Ukraine Literature and Cinema

By | December 24, 2021

Literature. – Ukrainian literature of the last decade reflects the profound changes experienced by the country. Between 2004, the year of the ‘orange revolution’, and the present moment, from the ‘revolution of dignity’ in 2013-14 to the subsequent war scenarios, the geopolitical upheaval has revived the identity issue of a nation traditionally divided between the East and the European West, but now decidedly oriented towards the West. One of the important features of Ukrainian literature of this period is the coexistence and dialogue (and sometimes conflict) between various generations, each of which expresses a different historical experience. In this sense, on the one hand the generation of the Sixties, a strong voice of dissent in the Soviet Union. For Ukraine 2002, please check commit4fitness.com.

Today poetry continues to be influential in the search for new languages. Among its main themes we find the intersection between the philosophy of historical time and that of lyric time (Kostenko, Malkovyč, Rymaruk and, in a Hebrew key, Mojsej Fišbejn), urbanistic reasons and existential unease (Andruchovyč, Žadan), modernized pantheism with mythological vein (Vinhranovs′kyj, Herasym′juk) and surreal (Oleh Lyšeha), intimism, often with spiritualistic accents (Iryna Žylenko, Sofija Majdans′ka, Mar′jana Savka, Marianna Kijanovs′ka, Bohdana Matjaš), melancholy of the creative hermitage (Kostjantyn Moskalec ′, poets of the ‘Kievan school’ Vasyl ′ Holoborod′ko, Mykola Vorob′jov), game of masks in political satire (Andruchovyč, Oleksandr Irvanec ′).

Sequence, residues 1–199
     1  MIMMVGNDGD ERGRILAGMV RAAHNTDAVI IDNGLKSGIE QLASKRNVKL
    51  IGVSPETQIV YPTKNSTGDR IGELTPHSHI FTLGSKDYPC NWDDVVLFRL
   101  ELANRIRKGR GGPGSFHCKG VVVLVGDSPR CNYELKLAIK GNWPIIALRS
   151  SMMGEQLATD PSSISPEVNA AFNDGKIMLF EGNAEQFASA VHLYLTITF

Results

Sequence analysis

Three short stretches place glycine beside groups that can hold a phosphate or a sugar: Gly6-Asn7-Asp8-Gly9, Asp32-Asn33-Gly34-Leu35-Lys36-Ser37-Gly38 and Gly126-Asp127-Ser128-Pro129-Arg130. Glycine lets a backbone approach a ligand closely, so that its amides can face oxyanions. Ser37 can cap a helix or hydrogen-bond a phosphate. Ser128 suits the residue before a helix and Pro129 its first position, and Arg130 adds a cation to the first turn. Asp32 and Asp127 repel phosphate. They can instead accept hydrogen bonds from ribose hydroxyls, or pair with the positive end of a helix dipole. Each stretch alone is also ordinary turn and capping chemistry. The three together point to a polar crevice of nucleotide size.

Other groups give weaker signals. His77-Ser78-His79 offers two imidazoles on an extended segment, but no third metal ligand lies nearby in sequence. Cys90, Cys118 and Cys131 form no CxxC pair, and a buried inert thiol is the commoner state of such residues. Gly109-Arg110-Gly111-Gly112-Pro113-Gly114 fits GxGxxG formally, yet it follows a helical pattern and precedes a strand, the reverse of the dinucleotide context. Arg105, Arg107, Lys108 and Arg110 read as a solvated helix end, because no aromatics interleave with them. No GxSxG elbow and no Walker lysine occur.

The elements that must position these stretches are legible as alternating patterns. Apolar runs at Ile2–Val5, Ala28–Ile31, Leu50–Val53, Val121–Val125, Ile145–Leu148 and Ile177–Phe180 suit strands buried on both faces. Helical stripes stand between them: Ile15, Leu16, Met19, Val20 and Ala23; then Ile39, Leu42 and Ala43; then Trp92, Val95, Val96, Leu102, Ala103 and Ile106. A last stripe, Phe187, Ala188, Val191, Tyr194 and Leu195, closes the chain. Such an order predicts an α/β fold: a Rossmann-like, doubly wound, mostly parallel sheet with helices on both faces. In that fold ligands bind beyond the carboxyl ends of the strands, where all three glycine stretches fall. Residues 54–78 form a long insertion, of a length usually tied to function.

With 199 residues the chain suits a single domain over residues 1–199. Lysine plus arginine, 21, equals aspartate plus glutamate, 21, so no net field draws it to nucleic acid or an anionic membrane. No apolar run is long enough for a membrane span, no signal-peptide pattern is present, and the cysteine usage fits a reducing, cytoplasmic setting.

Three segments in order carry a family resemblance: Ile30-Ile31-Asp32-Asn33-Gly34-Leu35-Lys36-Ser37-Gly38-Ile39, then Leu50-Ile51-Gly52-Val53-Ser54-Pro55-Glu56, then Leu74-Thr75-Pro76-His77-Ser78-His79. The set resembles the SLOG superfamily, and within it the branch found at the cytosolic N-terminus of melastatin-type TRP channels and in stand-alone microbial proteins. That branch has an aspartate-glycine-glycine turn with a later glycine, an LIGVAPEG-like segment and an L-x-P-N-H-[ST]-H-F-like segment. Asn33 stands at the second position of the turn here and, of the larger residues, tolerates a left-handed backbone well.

In prose, if until the beginning of the new millennium the postmodernist figure dominated, in the key of a light-hearted farewell to the past, later, when the legacy of totalitarianism proved to be harder to fight, both the themes and the stylistic registers were diversified and refined. The difficult path of the Ukraine towards Europe, the bewilderment of modern man, the insidious shadows of the regime, the weight of a history still to be deciphered (including the twentieth-century dramas of the Holodomor and Chernobyl ‘) appear in the ironic prose from the grotesque images of Andruchovyč (with bohemian veins) and Žadan (more inclined to social criticism), in the sharp aphoristic writing of historical anamnesis by Kostenko and Maria Matios, in the reconstructions of ‘forgotten history’ (Vasyl ′ Škljar, Matios, Volodymyr Lys), in the apocalyptic sense of the post-Sovietism of the city lumpenized (Oles ′ Ul’jančenko) and the depressed countryside (V′jačeslav Medvid ′), in the dense and at the same time disconnected psychoanalytic narrative (Jevhen Paškovs′kyj, Taras Prochas′ko). Among the new themes we find the solitary moral opposition of the individual in the face of the chaos of globalized information (Kostenko), the ‘disorientation’ of an Eastern European intellectual in the West (Andruchovyč), the dystopia of post-totalitarianism (Ščerbak), the courage and irony of the Ukrainians, new ‘Cossacks’, in a war of Putinism against modernity (Bohdan Žoldak), with the transversal theme of defense by the Ukraine of the last European border in the East. Among the restored traditions, ‘magical realism’ (Ševčuk, historian of Baroque literature, the hermetic Halyna Pahutjak) stands out. The feminist theme is also very present (Tanja Maljarčuk, Irena Karpa, Oksana Zabužko), with a particular emphasis on the experience of emigrant women (Natalka Snjadanko). Finally, the intimate dimension of the newspaper enjoys great popularity (Iren Rozdobud′ko, Larysa Denysenko, Nadija Herbiš). with a particular emphasis on the experience of emigrant women (Natalka Snjadanko). Finally, the intimate dimension of the newspaper enjoys great popularity (Iren Rozdobud′ko, Larysa Denysenko, Nadija Herbiš). with a particular emphasis on the experience of emigrant women (Natalka Snjadanko). Finally, the intimate dimension of the newspaper enjoys great popularity (Iren Rozdobud′ko, Larysa Denysenko, Nadija Herbiš).